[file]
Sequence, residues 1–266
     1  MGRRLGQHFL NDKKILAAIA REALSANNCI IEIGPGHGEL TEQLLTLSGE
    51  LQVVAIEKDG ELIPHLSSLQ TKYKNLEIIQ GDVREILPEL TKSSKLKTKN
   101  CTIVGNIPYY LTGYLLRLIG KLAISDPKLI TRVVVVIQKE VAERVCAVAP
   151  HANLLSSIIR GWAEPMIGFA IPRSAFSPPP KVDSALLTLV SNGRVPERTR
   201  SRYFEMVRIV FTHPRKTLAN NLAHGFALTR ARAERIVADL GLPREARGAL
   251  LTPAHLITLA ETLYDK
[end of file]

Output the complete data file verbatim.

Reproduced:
Sequence, residues 1–266
     1  MGRRLGQHFL NDKKILAAIA REALSANNCI IEIGPGHGEL TEQLLTLSGE
    51  LQVVAIEKDG ELIPHLSSLQ TKYKNLEIIQ GDVREILPEL TKSSKLKTKN
   101  CTIVGNIPYY LTGYLLRLIG KLAISDPKLI TRVVVVIQKE VAERVCAVAP
   151  HANLLSSIIR GWAEPMIGFA IPRSAFSPPP KVDSALLTLV SNGRVPERTR
   201  SRYFEMVRIV FTHPRKTLAN NLAHGFALTR ARAERIVADL GLPREARGAL
   251  LTPAHLITLA ETLYDK